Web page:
Show Summary Details

Page of

PRINTED FROM OXFORD HANDBOOKS ONLINE (www.oxfordhandbooks.com). © Oxford University Press, 2018. All Rights Reserved. Under the terms of the licence agreement, an individual user may print out a PDF of a single chapter of a title in Oxford Handbooks Online for personal use (for details see Privacy Policy and Legal Notice).

date: 15 October 2019

Abstract and Keywords

Mixed methods research (MMR) has struggled to bridge paradigms that differ starkly on two central concepts—causality and generalizability. This chapter depicts the differences and the efforts made to bridge them. However, MMR can go beyond sheer bridging and strive to create an integrated craft. In particular, both the qualitative and quantitative camps have left four procedures underspecified: triangulating, examining plausible rival explanations, analyzing mixed methods data, and making analytic generalizations. For instance, no criteria exist to show whether a study has sufficiently triangulated or examined rivals. If MMR developed operational benchmarks, its studies could then use all four procedures in a compelling manner. In so doing, MMR might become a truly blended craft—not just one that bridges existing paradigms.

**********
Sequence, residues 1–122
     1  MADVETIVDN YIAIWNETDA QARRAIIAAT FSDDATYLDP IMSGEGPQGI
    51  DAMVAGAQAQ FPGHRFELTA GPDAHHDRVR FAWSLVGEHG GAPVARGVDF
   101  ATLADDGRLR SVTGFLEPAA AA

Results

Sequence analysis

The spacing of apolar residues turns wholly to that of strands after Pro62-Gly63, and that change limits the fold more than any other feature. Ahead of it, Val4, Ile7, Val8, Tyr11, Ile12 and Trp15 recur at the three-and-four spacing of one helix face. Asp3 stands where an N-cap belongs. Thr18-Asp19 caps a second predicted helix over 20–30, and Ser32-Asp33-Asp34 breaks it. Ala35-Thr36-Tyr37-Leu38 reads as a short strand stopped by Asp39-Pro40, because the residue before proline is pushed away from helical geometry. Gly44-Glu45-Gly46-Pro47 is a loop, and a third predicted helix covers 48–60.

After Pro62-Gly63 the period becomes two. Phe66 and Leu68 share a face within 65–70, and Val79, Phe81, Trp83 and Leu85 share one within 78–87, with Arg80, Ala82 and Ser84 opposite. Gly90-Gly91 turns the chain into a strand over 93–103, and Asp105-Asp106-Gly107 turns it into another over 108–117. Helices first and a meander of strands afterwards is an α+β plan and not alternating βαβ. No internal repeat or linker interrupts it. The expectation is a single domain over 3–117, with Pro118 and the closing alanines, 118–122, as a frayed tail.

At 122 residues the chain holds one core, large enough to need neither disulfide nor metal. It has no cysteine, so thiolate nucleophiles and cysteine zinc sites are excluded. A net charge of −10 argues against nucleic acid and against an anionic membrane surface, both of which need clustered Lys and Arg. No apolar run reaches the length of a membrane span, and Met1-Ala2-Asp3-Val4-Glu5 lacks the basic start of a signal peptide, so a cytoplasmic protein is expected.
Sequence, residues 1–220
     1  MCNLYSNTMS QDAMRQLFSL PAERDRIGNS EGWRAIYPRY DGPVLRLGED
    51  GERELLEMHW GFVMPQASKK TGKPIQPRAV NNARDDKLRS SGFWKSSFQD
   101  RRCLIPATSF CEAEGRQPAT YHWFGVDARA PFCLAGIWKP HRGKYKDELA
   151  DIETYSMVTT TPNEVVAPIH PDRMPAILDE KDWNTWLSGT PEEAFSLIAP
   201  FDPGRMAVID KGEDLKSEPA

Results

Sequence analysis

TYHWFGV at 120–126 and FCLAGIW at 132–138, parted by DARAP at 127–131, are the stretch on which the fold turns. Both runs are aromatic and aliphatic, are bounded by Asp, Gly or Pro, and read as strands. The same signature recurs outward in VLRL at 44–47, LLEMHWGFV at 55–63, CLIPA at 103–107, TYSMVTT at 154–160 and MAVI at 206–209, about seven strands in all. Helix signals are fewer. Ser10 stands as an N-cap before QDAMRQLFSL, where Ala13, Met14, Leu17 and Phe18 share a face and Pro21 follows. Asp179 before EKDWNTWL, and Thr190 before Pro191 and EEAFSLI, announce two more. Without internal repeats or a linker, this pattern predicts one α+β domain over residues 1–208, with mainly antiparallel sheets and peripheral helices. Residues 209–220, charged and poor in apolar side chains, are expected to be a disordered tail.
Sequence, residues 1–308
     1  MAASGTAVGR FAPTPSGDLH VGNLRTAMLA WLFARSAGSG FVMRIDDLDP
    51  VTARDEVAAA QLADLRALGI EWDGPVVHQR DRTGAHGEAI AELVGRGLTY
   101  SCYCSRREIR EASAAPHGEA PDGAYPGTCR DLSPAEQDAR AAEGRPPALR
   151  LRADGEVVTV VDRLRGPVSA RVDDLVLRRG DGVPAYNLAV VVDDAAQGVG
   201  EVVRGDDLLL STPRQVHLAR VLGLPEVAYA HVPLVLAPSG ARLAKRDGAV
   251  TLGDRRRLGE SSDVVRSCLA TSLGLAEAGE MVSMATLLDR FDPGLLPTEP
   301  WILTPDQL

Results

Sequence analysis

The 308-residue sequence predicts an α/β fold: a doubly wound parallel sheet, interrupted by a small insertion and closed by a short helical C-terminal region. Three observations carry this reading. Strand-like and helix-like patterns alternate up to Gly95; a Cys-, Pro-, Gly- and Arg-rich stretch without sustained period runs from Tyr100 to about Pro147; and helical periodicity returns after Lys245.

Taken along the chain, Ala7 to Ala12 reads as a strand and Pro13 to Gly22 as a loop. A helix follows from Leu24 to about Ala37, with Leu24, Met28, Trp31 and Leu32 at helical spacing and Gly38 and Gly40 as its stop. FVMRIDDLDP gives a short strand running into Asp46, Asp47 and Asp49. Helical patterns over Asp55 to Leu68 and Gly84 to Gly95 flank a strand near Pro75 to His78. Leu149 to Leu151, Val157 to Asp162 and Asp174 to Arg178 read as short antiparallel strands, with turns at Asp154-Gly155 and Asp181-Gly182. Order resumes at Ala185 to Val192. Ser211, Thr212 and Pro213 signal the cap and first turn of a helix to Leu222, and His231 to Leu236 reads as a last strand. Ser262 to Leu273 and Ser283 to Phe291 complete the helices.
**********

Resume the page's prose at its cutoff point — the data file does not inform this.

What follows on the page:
Keywords: causality, generalizability, paradigms, bridging, integrated, triangulation, plausible rival explanations, analytic generalizations

Access to the complete content on Oxford Handbooks Online requires a subscription or purchase. Public users are able to search the site and view the abstracts and keywords for each book and chapter without a subscription.

Please subscribe or login to access full text content.

If you have purchased a print title that contains an access token, please see the token for information about how to register your code.

For questions on access or troubleshooting, please check our FAQs, and if you can''t find the answer there, please contact us.